There was also a $200 million mansion in Paris — worth more than double the nation’s public health expenditure.
Then there was his $10 million car collection — worth an enormous multiple of the country’s median income. In 2011, 77 percent of citizens in Equatorial Guinea lived on less than $2 dollars per day.
In a number of Africa’s poorest countries, those close to power have become rich even as their fellow citizens remain mired in poverty. But Obiang, who is the son of oil-rich Equatorial Guinea’s longtime president, stands out.
Activists are hoping that Obiang's trial will help prove that corruption comes with consequences, even for Africa's political elite. Obiang is accused of using millions in public funds to bankroll his ostentatious lifestyle in France, charges that carry a sentence of up to 10 years.
“By squandering enormous wealth the government has already missed opportunities to invest in health and education,” said a Human Rights Watch report this month.
But when the trial began on Monday, Obiang, also known as Teodorin, did not appear in court — nor is he expected to travel to France for the proceedings. His lawyers say that he is immune from prosecution because of his position in government.
“It would be unprecedented in France, unprecedented in the world, to try a sitting vice president,” Thierry Marembert, one of Obiang’s lawyers, told the court. The defense attorneys have said that Obiang's financial dealings were legitimate under his country's laws, and defended his luxurious tastes. After the Dutch government seized the $100 million yacht Ebony Shine in December, acting on a request from Swiss prosecutors who suspect Obiang of money laundering, the vice president's lawyers argued that the vessel belonged to the government of Equatorial Guinea, according to the Maritime Executive, a trade publication. A second yacht linked to Obiang, the Ice, is also owned by that country's government, the publication reported. Obiang's attorneys have also argued the Paris mansion is a diplomatic mission — a claim the court has upheld.
In France, the trial is part of a series of inquiries known as the cases “of the ill-gotten gains.” Obiang’s case is the first to be heard in court, but other politicians from Congo, Angola and Burkina Faso face similar accusations.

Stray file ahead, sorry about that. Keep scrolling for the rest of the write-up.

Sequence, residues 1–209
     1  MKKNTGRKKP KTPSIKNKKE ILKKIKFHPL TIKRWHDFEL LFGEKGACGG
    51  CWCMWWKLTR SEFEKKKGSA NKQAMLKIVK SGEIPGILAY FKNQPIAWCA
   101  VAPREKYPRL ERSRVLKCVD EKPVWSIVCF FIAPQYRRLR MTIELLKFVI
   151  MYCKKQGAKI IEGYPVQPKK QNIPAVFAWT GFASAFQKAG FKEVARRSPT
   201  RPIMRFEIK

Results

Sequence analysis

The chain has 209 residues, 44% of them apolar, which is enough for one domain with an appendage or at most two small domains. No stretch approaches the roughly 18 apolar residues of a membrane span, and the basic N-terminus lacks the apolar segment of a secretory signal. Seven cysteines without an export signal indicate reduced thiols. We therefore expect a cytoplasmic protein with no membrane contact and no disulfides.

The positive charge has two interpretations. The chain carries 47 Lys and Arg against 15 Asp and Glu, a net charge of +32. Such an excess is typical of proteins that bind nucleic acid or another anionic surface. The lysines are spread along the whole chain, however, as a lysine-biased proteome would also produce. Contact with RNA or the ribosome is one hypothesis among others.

Yet the alleged scale of Obiang’s spending — particularly compared to the development indicators in Equatorial Guinea — sets him apart. Even after oil was discovered in the West African country in the 1990s, the government used hardly any of its revenue to improve the lives of its citizens, analysts say.
In 2015, only 25 percent of newborns in the country were immunized for polio and measles, one of the lowest rates in the world. Life expectancy hovers around 57. About half the population lacks access to potable water. In 2012, 40 percent of children in Equatorial Guinea were not in school, according to Human Rights Watch. Statistics on government spending are limited, but the 2011 health and education budgets were a mere $92 million and $140 million, respectively, according to the Human Rights Watch report — a small fraction of national income.
In 2014, Obiang settled a civil forfeiture case with federal prosecutors in the United States, agreeing to “relinquish more than $30 million of assets purchased with corruption proceeds,” according to a Justice Department news release.
“Through relentless embezzlement and extortion, Vice President Nguema Obiang shamelessly looted his government and shook down businesses in his country to support his lavish lifestyle, while many of his fellow citizens lived in extreme poverty,” said Assistant Attorney General Leslie R. Caldwell of the department's Criminal Division.
Aside from the mansions and cars and yachts, Obiang also kept an expensive memorabilia collection, including the jacket worn by Michael Jackson in the “Thriller” music video and one of the singer’s crystal-studded gloves. He was forced to sell them after the U.S. case.